The Scottish Parliament - Current Members

Because the NHS in Scotland is a devolved matter and is managed entirely within Scotland, MSPs are most likely to be able to help. However as the suspension problem is UK-wide there could be benefit from contacting your Westminster MP also – it certainly can do no harm.

Many of those who have not had the strength or the will to join the campaign in an active manner have been very strong in arguing their own cases with their Health Boards and improving their own outcomes, which is another way of taking positive action. Everyone who has contacted me has spurred me on to remain involved, so to all those people THANKYOU for your help and support – I could not have achieved the small successes to date without you, but I wish with all my heart that you weren’t out there needlessly suffering too.


My own suspension story

“My name is Kate Wynn and I am a highly qualified Registered Nurse. Until September 2004 I had a successful and unblemished 29-year NHS career and was in a senior clinical position, directly managing around 50 people when I was suddenly suspended and accused of bullying and harassing staff - but I was not told what the allegations were. I was told my immediate manager didn’t think the allegations very serious but that according to policy he would have to suspend me, unless I took sick leave – and I was asked to choose between the two. I was not sick.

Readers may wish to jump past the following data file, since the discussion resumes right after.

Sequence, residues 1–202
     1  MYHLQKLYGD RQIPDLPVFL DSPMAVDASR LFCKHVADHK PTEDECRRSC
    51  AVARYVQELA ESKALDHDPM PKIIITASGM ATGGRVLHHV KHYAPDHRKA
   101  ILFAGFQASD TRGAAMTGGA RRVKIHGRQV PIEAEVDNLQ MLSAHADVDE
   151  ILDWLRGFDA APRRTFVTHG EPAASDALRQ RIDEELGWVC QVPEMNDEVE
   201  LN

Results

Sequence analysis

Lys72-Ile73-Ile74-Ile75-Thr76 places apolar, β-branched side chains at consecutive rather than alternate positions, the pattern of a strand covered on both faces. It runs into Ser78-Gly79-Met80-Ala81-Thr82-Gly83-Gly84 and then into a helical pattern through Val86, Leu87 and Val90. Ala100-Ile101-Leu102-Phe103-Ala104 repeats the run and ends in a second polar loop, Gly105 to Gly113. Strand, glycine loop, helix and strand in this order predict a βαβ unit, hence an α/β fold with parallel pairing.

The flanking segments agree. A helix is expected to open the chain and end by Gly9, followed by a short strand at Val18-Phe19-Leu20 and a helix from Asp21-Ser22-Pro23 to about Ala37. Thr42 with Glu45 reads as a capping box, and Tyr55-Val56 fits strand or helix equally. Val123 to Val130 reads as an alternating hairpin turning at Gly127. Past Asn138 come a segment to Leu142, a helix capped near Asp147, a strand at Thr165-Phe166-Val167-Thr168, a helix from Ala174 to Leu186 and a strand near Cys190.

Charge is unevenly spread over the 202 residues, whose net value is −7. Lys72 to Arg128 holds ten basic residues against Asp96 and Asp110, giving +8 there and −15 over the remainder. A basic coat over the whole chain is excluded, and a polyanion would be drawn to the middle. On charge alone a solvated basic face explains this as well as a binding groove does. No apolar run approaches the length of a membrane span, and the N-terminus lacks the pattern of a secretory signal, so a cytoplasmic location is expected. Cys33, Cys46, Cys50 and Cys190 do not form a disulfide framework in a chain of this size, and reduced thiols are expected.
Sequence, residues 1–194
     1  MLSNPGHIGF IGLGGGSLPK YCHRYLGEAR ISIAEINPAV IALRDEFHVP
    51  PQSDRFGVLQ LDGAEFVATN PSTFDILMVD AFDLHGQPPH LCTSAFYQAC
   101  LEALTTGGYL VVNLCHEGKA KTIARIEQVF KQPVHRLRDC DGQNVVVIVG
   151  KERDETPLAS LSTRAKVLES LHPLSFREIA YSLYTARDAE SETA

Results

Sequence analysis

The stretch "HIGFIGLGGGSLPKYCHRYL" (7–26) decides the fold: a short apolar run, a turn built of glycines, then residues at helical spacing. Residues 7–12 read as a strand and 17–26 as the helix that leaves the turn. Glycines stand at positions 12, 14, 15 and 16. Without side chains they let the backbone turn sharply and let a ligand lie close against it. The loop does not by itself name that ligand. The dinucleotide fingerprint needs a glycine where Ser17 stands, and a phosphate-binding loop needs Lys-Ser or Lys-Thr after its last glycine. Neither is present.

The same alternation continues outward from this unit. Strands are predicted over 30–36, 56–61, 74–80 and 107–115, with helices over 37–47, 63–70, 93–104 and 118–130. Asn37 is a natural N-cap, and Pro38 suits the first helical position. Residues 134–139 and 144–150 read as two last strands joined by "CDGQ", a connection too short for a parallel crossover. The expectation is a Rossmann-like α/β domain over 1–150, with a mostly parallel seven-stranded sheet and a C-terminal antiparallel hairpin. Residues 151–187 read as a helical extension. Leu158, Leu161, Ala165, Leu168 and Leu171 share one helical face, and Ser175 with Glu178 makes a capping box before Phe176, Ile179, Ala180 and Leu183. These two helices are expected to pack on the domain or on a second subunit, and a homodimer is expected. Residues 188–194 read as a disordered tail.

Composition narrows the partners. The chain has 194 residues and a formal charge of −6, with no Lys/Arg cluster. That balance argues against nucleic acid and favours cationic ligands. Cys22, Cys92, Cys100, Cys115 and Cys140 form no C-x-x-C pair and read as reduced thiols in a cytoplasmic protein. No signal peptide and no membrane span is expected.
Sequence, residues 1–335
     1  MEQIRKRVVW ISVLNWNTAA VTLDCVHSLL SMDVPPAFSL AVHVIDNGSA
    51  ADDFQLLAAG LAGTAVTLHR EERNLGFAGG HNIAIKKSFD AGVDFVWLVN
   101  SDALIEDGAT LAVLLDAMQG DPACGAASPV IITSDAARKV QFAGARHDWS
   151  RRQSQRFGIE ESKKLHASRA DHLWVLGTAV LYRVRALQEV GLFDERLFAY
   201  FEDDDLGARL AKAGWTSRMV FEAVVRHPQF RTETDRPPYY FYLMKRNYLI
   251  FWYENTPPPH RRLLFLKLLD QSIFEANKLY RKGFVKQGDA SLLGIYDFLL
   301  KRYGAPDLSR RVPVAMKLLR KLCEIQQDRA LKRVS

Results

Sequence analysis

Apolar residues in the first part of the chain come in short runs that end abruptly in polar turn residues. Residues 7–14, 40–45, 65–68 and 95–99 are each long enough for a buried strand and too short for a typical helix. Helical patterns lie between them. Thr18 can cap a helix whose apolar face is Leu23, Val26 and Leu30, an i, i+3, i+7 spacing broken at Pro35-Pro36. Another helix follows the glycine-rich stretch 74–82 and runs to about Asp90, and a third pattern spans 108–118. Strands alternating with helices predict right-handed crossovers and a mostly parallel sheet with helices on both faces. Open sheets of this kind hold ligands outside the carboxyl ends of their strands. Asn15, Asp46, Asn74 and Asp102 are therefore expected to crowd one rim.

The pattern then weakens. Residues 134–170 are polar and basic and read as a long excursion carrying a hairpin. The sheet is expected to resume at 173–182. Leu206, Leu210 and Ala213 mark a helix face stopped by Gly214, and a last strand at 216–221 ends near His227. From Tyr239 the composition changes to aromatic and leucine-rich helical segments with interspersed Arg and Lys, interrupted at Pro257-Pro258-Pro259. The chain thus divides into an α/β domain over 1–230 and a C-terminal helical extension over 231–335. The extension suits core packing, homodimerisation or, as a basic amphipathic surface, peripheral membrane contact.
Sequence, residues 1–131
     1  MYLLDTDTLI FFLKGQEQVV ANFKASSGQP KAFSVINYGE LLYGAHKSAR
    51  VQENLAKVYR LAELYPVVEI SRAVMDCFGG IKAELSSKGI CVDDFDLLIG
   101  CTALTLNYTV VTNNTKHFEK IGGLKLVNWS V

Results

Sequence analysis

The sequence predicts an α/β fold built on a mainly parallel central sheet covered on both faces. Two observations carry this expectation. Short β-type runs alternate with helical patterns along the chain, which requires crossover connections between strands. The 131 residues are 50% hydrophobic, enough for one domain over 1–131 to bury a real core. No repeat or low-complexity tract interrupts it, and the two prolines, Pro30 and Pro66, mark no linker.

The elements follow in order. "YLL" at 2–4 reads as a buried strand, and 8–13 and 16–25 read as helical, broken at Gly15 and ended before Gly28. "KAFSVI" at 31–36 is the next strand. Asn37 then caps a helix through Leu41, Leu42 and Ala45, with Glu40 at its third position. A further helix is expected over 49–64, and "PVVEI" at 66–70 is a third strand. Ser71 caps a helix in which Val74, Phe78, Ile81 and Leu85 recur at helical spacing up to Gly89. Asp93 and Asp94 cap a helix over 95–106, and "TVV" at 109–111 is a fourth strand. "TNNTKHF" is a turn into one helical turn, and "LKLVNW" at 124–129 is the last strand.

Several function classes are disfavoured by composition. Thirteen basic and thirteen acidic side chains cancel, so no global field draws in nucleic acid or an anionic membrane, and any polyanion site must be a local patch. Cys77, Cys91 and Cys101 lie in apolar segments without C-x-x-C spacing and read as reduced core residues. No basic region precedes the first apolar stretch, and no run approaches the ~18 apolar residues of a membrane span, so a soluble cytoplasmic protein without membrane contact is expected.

My suspension was splashed across the front page of one of two local newspapers and reported in the other together with details of my job and where I live.

It was an incredible three months before I was interviewed, having received the allegations in writing just four days before that interview. Following an investigation, and after nearly 16 weeks of exclusion from work, I was told that there was no requirement for a disciplinary hearing and my suspension was duly ‘lifted’.

Ironically, this only meant that I was put on enforced ‘special leave’ – still at full pay – which continued for a further 20 weeks until I was finally allowed back to work after more than eight months. Restrictions placed on me during ‘special leave’ were even more isolating than during the first sixteen weeks, and by the eighth month I felt returning to my previous post had become untenable and I was found a new post within the organisation.
My employers have refused to apologise for suspending me despite conceding that an alternative to suspension could have been pursued.